– It’s the time of year again when the birds are singing, the
bees are buzzing, but it’s not the spring season that is important
in the school district – it’s standardized testing season.
GILROY – It’s the time of year again when the birds are singing, the bees are buzzing, but it’s not the spring season that is important in the school district – it’s standardized testing season.
“We say, ‘The day has finally come,'” said Gilroy High School Principal Wendy Gudalewicz, adding that when the test scores arrive the stress will end.
“It’s the true measure,” she said about the test. “At least it is for the state.”
Tuesday the students of GHS will begin taking the Stanford Achievement Test, ninth edition, more commonly called the SAT-9. Given annually by the state for the last four years, all students in grades two through 11 are required to take the test.
“It’s a standardized test that measures the types of skills that a student should have at any particular grade level,” said Ester Corral–Carlson, Gilroy Unified School District director of student assessment. “When you are looking at the students’ progress, when you use a standardized test you can compare (them to other students).”
Because the GUSD operates on both year-round and traditional calendars, Rod Kelley Elementary School has already completed its standardized testing in two tracks, and Antonio Del Buono School will not begin testing until May 20.
This week all secondary schools, including South Valley and Brownell Junior High schools, will test, in addition to other alternative high school programs such as Mt. Madonna Continuation High School. Next week the schools will begin another phase of testing when they take the California Standards Tests.
According to Corral–Carlson, students should not spend more than 5 percent of their time in school testing, and the GUSD has students spending an average of 4 percent of class time testing, she said. In the GUSD, the window for testing begins when student have been in school for 136 days.
To prepare students for testing, high school staff have done “SAT-9 Mondays,” where teachers give students a review of SAT-9 material in the morning. The school has stepped up the practice for the last six weeks and the first 10 minutes of each period were spent reviewing material for the SAT-9, Gudalewicz said.
However, who can expect students to test well on an empty stomach? To make sure students are at their prime for test taking, free breakfast will be offered at the high school for all students from 7 to 7:50 a.m. – just in time for testing to begin at 8 a.m. Students spend the next two hours taking the SAT-9 tests.
Gudalewicz said she has also met with groups of students to discuss the importance of testing. In addition, students were told that they can be eligible for scholarships if they score within the top 10 percent for their grade level at their school, she said.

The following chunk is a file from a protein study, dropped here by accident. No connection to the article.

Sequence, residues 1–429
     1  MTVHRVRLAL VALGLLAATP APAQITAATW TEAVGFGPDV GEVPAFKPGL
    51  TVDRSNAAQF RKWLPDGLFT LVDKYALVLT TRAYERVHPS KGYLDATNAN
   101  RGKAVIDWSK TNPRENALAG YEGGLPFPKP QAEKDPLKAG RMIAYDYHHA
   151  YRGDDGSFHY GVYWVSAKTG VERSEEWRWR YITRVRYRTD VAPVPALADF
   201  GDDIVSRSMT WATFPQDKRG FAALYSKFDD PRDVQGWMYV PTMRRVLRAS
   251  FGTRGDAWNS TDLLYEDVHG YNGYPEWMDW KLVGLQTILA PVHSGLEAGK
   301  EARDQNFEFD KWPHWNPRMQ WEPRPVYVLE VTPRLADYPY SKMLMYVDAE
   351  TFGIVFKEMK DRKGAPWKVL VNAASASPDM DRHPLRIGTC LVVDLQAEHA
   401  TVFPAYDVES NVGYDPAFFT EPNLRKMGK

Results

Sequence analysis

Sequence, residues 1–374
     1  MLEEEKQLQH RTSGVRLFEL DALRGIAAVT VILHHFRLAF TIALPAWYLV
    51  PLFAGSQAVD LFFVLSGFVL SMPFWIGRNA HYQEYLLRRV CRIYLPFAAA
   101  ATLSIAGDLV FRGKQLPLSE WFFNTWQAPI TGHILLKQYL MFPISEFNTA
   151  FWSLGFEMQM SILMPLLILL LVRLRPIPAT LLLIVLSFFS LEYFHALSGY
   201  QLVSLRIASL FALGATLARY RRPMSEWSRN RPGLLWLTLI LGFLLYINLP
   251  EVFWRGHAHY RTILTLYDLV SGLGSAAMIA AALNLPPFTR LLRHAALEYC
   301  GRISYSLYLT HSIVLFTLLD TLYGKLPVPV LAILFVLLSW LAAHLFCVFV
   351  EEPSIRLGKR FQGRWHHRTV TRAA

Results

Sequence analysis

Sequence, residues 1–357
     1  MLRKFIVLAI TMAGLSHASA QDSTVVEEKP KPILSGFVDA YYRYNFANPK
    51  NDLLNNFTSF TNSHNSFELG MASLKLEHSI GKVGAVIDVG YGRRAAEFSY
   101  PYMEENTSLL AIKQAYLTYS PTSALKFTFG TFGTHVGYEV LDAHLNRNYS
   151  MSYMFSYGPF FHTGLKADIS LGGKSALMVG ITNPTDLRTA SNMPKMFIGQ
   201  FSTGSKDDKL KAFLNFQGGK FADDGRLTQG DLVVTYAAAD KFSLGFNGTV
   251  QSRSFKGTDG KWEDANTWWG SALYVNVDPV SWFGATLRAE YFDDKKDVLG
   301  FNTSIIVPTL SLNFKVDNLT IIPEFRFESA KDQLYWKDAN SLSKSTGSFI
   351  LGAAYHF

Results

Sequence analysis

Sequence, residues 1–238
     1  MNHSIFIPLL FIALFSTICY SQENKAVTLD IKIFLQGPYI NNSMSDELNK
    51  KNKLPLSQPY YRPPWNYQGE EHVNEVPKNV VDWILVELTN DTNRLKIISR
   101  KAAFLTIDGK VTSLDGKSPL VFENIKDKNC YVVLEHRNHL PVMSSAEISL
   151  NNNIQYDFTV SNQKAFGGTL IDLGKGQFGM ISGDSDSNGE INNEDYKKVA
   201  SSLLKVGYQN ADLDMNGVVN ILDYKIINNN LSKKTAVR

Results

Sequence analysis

Students will not receive their scores until all testing is completed. Some schools will still be testing through the beginning of June. Test scores are expected to be reported by mid-July, Corral–Carlson said.
The state reports scores as a percentile rank. A group of about 250,000 students – called a “norming” group – from across the county are tested each year to determine what the average score for the test will be. Once the average score is determined, this score is set as the 50th percentile.
For example, if a student’s score in math is 61, it means the student is in the 61st percentile, and is 11 percentile points above the average of the 50th percentile. The percentiles are reported in a range of one through 99 percentile. Therefore, the student scored above 60 percent and below 38 percent of students who took the test in the “norming” group.
SAT-9 results are also used to calculate a school’s Academic Performance Index, the state’s annual growth target for schools. The state expects that schools will improve their standardized test scores five percent each year. The API index is from 200 to 1000, with all schools expected to reach the state’s target of 800.
Elementary schools will begin testing May 6. Last year, elementary schools had score gains with second grade scores increasing from the 47th percentile to the 60th percentile. Last year’s drops in scores were minimal, with the largest district wide decline reported in tenth grade social science scores of four percentile points.
The district has a goal to have 90 percent students performing at the 50th percentile by June 2004.
For more information on upcoming testing contact the GUSD at 847-2700.